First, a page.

David Yates Jan. 12, 2016, 4:42pm


Overwhelmed by thousands of lingering hailstorm lawsuits, Hidalgo County recently earned the title of “Judicial Hellhole,” bestowed by the American Tort Reform Association.

Aspiring lawmaker Abraham Padron, a small business owner who immigrated to the Rio Grande Valley when he was just a child, says that while he’s not a “one trick pony,” one of the issues he’ll push for is hailstorm lawsuit abuse reform if elected to the Texas House of Representatives.

“There are so many issues motivating me to run,” said Padron, candidate for District 36. “There’s so much that needs to be done for our community. I’m not talking only about insurance – there are many other issues, health care, border security, education, infrastructure.”

Hidalgo County became a hot spot for insurance litigation after two hailstorms swept through the area three years ago. Trial lawyers set up shop and begin advertising heavily for clients.

Soon after, allegations of barratry and corruption began to surface. It’s estimated that around 40 percent of the policy claims made after the hailstorms morphed into lawsuits – approximately 10,000 lawsuits targeting insurers.

An insurance professional for the past 18 years, Padron, who, to no avail, advocated for hailstorm lawsuit abuse reform during the last legislative session, still believes there’s a need for meaningful reform that will benefit both insureds and insurers.

“At no time do I want to take rights away from insureds, they have a right to justice, but there needs to be balance,” Padron said. “We still have 6,000 lawsuits pending at a local courthouse, and we still have people whose homes have not been repaired from three years ago because they have a lawsuit pending.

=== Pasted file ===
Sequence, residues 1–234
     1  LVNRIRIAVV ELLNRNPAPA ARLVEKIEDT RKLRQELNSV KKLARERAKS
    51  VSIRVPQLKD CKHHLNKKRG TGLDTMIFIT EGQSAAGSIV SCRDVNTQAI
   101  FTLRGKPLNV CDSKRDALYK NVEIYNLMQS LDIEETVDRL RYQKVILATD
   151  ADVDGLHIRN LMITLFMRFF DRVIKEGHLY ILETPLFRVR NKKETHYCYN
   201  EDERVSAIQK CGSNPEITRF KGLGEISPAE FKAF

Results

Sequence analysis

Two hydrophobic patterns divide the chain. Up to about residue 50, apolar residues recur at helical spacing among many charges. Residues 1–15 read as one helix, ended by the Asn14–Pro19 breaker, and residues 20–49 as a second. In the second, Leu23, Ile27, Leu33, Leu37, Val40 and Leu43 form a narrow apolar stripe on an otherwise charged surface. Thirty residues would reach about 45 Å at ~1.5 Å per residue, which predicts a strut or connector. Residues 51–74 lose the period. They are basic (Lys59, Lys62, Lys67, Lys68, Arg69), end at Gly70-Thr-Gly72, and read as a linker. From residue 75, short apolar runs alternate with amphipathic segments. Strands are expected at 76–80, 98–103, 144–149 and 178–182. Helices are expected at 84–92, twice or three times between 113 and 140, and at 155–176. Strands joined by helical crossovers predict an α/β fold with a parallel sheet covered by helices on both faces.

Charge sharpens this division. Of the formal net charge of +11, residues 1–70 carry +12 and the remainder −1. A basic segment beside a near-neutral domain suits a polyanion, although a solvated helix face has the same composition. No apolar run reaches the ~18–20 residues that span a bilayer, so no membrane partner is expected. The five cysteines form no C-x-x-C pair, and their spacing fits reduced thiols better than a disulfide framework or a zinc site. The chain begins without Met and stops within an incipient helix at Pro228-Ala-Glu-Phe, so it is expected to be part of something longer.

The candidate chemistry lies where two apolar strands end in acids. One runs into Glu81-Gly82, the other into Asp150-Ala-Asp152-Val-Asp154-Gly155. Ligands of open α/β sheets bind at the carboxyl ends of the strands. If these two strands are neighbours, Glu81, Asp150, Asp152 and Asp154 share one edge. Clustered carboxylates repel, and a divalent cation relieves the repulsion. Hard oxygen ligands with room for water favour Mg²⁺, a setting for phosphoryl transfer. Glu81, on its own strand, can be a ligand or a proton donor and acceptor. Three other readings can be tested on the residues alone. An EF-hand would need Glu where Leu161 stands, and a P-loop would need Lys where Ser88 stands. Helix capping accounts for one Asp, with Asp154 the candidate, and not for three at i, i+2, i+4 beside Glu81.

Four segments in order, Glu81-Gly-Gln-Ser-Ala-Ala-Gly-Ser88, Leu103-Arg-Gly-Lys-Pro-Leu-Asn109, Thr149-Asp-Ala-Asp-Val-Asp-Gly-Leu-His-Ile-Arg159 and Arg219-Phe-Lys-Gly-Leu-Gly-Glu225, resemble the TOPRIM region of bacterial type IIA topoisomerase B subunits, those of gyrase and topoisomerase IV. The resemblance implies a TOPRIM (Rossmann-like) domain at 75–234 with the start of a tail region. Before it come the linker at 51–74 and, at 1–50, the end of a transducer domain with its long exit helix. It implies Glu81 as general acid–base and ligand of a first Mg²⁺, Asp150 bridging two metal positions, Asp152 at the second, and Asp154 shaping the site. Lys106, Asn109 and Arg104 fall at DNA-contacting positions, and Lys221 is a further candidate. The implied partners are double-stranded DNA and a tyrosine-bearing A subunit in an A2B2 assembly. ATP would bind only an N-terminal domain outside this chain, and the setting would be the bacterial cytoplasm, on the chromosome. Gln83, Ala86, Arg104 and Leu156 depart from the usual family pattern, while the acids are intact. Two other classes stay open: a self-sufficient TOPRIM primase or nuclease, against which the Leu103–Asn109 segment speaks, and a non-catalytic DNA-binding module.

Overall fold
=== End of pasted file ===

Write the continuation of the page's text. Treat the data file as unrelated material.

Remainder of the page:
“There needs to be reform, but not at the expense of insureds losing the remedy to sue if insurers drop the ball.”

One of the areas that needs to be addressed is the claims process, says Padron, contending adjusters and contractors, working on behalf of trial lawyers, prompt insureds to sue before the process is complete.

“Corruption is not acceptable in any industry,” Padron said. “The numbers don’t make sense. Companies need to be held accountable, but they are not even being given an opportunity. We have a process; the process is not being given a chance.”

Padron will face fellow Democrat and current incumbent Sergio Munoz Jr., a trial lawyer, in the March 1 primary.

If elected, Padron says he’ll also focus on infrastructure and education.

“Our area is definitely growing; infrastructure needs to be addressed down here,” Padron said. “We want the economy to grow.”

Padron graduated from The University of Texas – Pan American (now UT-Rio Grande Valley).

In 1997, he accepted a position as a “scratch” captive Allstate agent. Within five years, his agency was the third largest Allstate agency in the country out of 18,000 agents.

In 2004, Padron sold the Allstate business and is now the president of SafeGuard Insurance Agency, an independent agency with 11 office locations spanning from Brownsville to Laredo.

District 36 includes parts or all of the Hidalgo County cities of Hidalgo, Granjeno, McAllen, Mission, Palmview, and Pharr.

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